4. Nurture a cash position. The uncertainty of budgeting, both in terms of income and expenses, requires a positive cash position to offset the threats of survival or failure. Therefore, it is important to set aside adequate cash whenever possible. If you can afford it (determine this by doing cash flow projections) sock away some cash in an interest bearing account. That may come in handy if your projections turn against you and, even more importantly, it will give you the cushion you might need to get by until your corrections take hold. Even if you never have to "tap" into this cash that you've set aside, you're still building cash equity in your business. In virtually every transaction, there is a lag time between the finalization of the deal and the completed cash collection. When collection is delayed, trouble erupts in your cash position until the money is in your bank account. A little wisdom, foresight, and discretion can help you go a long way towards corporate survival.

Profits are better than wages
One big problem that I often see in budgeting is the contractor's failure to input a wage for him or herself. Too many contractors assume that the "profit" at the end of the year will be theirs to keep, but this raises the question of "what if there is only a small profit or, even worse, no profit!" By not incorporating a reasonable salary into your budget, you're short changing yourself and utilizing insufficient numbers in realizing a profitable year.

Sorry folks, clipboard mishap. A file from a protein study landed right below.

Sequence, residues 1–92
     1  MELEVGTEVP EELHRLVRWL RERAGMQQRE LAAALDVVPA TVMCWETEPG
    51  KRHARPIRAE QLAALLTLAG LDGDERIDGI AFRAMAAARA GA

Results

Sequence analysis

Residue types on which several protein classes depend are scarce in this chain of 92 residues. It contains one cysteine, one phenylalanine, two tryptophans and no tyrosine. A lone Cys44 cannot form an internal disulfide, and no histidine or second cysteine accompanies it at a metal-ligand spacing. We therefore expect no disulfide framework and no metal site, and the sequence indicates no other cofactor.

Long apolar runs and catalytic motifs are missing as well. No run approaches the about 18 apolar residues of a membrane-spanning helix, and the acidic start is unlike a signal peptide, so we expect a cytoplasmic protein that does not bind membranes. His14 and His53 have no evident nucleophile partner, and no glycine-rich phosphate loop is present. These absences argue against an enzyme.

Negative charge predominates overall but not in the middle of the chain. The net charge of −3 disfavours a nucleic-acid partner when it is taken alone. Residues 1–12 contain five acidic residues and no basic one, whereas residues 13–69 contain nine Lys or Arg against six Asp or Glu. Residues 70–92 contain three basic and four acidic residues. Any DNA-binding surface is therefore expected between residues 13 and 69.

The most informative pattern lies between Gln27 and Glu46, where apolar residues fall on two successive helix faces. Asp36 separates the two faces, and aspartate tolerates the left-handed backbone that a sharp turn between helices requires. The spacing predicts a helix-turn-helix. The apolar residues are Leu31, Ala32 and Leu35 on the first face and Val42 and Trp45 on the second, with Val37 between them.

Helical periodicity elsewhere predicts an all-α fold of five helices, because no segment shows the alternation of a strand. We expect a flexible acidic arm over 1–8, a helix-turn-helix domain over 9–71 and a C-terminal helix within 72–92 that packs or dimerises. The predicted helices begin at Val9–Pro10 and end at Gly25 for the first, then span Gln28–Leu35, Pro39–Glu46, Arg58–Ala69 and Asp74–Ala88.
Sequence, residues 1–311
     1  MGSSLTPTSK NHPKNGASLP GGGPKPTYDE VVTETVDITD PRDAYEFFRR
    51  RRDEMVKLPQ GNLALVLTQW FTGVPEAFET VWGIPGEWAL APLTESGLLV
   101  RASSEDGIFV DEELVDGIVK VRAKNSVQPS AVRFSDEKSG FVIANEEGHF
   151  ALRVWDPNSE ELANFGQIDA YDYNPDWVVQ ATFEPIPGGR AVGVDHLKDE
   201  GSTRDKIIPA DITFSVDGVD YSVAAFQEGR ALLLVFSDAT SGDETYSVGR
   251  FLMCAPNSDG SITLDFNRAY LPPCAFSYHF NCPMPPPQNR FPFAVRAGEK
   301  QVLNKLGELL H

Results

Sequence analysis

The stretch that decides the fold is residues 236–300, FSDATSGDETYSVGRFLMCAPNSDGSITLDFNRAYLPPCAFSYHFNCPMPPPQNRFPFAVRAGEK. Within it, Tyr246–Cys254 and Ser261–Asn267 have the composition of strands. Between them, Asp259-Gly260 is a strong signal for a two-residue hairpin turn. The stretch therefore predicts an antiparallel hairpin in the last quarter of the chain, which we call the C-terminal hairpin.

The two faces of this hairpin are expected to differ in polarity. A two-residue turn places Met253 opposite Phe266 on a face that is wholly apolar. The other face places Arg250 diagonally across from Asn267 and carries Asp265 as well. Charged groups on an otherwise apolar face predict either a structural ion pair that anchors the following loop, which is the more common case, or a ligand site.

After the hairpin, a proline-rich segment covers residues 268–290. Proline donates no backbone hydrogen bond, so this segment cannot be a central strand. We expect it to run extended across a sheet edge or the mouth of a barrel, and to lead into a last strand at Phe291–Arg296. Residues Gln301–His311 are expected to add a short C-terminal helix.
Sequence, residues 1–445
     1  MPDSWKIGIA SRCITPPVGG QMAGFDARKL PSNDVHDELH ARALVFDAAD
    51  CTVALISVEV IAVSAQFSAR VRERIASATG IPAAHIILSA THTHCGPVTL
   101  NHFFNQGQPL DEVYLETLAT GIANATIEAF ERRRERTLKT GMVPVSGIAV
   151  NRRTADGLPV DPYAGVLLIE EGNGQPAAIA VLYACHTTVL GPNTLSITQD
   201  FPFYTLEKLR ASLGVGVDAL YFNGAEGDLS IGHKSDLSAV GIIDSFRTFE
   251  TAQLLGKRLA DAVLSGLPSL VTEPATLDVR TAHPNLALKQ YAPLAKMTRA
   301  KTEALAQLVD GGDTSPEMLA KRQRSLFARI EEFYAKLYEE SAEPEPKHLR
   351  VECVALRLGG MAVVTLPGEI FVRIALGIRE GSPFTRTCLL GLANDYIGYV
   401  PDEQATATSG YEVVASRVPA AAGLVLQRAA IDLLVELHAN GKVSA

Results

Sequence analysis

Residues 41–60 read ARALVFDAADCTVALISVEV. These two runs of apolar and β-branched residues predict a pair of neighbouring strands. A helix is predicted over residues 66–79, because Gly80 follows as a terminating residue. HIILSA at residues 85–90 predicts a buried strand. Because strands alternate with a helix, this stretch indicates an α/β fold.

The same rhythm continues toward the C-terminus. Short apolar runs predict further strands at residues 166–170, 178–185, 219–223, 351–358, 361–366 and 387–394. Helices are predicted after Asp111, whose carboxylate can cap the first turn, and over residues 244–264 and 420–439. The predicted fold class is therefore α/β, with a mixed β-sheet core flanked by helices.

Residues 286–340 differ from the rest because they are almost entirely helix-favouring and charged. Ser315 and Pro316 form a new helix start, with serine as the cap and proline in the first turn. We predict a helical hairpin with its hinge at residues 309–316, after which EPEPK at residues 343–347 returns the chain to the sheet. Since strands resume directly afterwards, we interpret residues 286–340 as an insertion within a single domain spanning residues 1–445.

Profits change your whole attitude. How empowering would it be to know that you're not only going to work to make a living, but also to work on building your fortune? You must build into your budget a reasonable salary for yourself, one you would expect to pay an individual to do your job if you weren't able to do it yourself. Don't short-change your efforts by failing to include yourself in your own budget.

Now it's up to you. Make next year great year and start your budget NOW!

Henry Goudreau, C.S.L.
HG & Associates, Inc
"We turn contractors who dream of a successful business, into business managers who make a business successful!"